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M.A.N.D.Y. 'Double Fantasy' review

M.A.N.D.Y. 'Double Fantasy' review

Eileen Pegg pens her thoughts on the long awaited debut from Philipp Jung and Patrick Bodmer, coming 11 years after their ubiquitous track 'Body Language'.

Henry Lewis

Last updated: 11th Nov 2016

Image: M.A.N.D.Y. 

It’s been 11 years since Philipp Jung and Patrick Bodmer, aka M.A.N.D.Y, released ‘Body Language’ alongside Booka Shade, their astonishing dance floor classic and ultimately the track that transported them to electronic stardom.

With this momentous release instantly charting and making that elusive pseudonym a household name, many others would use the time in the spotlight to strike while the iron is hot, releasing an album to kick start their entire career.

But not M.A.N.D.Y. Their first track alone was enough to plaster the duo’s name firmly on hundreds of mix series', festivals and club circuits for years to come. However, 2016 seems to be the right time for them to showcase to the world their sonic capabilities with their first proper solo album.

After all, in an age when electronic music is truly enjoying popularity with so many new DJs and producers appearing every day, there is no better time for these stalwarts of the scene to show us what they’re made of.  

Double Fantasy  features 10 original tracks, selected from a much larger body of work that has accumulated over time. This album then is a cherry picked insight into the musical development of this dynamic duo, 11 years on.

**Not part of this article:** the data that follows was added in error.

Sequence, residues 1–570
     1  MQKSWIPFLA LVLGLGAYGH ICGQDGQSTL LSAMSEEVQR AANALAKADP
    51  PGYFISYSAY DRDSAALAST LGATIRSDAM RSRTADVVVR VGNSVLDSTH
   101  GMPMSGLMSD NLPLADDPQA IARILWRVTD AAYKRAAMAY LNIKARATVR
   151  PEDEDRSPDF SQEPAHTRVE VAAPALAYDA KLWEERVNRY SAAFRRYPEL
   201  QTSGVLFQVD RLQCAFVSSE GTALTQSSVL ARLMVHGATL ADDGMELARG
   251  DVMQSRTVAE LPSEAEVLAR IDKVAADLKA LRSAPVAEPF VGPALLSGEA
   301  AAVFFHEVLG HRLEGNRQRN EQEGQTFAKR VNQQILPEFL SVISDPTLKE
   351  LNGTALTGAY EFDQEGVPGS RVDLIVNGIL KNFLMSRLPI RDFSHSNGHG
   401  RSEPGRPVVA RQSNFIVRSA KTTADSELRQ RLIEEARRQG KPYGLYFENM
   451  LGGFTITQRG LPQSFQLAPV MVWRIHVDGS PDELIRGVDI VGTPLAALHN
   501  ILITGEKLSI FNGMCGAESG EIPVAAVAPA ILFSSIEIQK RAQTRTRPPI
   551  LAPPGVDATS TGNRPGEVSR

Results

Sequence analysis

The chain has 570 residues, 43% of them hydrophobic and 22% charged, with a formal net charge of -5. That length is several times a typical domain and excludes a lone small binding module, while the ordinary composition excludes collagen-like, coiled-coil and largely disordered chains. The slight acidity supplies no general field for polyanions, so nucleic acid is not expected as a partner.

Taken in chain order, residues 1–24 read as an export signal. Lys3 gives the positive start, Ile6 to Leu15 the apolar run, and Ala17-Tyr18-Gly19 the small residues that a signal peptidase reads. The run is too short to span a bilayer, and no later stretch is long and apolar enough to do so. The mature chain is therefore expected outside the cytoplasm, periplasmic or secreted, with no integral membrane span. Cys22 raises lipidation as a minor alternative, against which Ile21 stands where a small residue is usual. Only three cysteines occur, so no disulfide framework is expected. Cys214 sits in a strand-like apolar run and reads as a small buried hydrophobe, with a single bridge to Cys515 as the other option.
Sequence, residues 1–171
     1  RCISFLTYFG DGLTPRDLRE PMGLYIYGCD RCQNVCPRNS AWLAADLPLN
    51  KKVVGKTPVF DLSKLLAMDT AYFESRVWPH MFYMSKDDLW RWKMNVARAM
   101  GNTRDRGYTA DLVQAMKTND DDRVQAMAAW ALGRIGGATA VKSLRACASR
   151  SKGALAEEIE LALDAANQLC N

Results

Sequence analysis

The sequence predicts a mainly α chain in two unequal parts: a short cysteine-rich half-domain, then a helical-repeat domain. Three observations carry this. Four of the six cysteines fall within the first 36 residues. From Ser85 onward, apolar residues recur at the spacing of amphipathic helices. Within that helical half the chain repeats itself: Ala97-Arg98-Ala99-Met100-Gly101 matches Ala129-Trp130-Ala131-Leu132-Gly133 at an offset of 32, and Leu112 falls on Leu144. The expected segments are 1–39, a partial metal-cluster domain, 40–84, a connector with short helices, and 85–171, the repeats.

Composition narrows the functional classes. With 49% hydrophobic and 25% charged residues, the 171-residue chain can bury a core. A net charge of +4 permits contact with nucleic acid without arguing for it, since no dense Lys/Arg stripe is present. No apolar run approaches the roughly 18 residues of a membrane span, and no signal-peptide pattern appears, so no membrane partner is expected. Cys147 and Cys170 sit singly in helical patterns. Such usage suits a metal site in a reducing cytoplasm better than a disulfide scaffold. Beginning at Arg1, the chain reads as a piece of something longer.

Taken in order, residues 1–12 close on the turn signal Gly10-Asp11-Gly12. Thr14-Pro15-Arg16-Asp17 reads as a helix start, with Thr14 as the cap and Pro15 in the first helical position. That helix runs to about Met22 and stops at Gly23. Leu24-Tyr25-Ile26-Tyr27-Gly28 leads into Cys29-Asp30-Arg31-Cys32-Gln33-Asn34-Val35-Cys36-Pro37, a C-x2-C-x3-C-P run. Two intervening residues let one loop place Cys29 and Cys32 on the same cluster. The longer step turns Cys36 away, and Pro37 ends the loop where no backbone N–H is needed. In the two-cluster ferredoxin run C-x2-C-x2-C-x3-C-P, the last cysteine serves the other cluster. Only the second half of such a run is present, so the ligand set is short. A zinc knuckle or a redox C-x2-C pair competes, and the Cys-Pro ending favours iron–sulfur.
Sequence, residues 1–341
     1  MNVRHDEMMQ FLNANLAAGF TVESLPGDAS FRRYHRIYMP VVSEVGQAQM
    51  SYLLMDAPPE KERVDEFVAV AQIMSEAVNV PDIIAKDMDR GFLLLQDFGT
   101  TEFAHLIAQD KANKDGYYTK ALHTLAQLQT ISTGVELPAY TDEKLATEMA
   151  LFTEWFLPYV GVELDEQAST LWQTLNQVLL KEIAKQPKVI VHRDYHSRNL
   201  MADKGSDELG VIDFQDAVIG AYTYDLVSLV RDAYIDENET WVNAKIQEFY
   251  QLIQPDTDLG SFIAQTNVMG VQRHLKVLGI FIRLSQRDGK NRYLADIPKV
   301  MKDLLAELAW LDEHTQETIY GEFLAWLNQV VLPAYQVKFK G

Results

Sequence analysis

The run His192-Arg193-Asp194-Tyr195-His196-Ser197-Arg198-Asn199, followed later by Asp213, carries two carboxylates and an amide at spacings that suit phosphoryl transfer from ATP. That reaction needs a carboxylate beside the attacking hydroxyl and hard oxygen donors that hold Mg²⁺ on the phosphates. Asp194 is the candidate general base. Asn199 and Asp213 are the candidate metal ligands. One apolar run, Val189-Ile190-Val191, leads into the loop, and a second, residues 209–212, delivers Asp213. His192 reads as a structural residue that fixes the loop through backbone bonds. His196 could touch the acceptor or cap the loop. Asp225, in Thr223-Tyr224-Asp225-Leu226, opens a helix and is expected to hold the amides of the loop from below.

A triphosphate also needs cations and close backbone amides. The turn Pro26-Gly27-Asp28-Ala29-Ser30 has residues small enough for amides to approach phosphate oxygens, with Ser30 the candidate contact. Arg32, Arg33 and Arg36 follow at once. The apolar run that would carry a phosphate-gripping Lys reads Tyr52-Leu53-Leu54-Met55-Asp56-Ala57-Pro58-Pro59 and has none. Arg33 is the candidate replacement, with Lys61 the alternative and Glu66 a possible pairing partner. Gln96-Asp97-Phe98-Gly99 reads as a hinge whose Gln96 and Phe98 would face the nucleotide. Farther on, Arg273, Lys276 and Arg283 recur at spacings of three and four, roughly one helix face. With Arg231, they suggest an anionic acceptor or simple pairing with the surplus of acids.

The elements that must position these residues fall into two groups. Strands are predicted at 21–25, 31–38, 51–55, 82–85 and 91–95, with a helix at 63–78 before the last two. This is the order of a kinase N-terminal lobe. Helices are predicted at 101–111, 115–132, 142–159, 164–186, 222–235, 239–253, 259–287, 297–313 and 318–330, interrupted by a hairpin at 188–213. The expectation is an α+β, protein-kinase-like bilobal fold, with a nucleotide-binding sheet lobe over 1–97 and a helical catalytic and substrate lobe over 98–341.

‘Mikado’ eases us in to the album with a slightly unnerving, almost cartoon-esque, childlike skit, urging you to clap your hands. As head honchos of the aptly named Get Physical label, it only seems right that a body groovin’ reaction of this sort is encouraged.

Things are quick to get going in ‘Planlos in Seattle'. Techno tweaks drive you along, pulsating and slowly building yet never reaching an obvious peak, leaving the listener in anticipation for more.  Things are stepped up a notch in ‘Rabbit Mountain’ with a glitch filled cosmic journey of space age beats and bells – you’re a long way from Watership Down on this bunny mound.  

Also of note is the ethereal ‘Tomorrow is Another Night’. Busy with beautiful melodies on tuneful wood-block sounds, this track builds up into an almost progressive breakdown that you can see can forming the soundtrack to many sunrises and early morning moments in years to come. 

Finally, ending as the album begun, ‘Jupiter’(listen above) is an industrial scene with simmering pads orbiting the track as the drums make themselves known. They ricochet around the atmospheric arrangement like disco meteors in space, rounding off proceedings perfectly.

Even in their first full album, M.A.N.D.Y still pay homage to their breakthrough track, including a bonus rework of ‘Body Language’, re-imagined in the style of a world music song but still instantly recognisable.

Overall Double Fantasy makes for great listening, offering a sophisticated selection of beats honed through years of experience. It never desperately chases the ‘drop’, but takes the listener along for the entire emotional ride instead.

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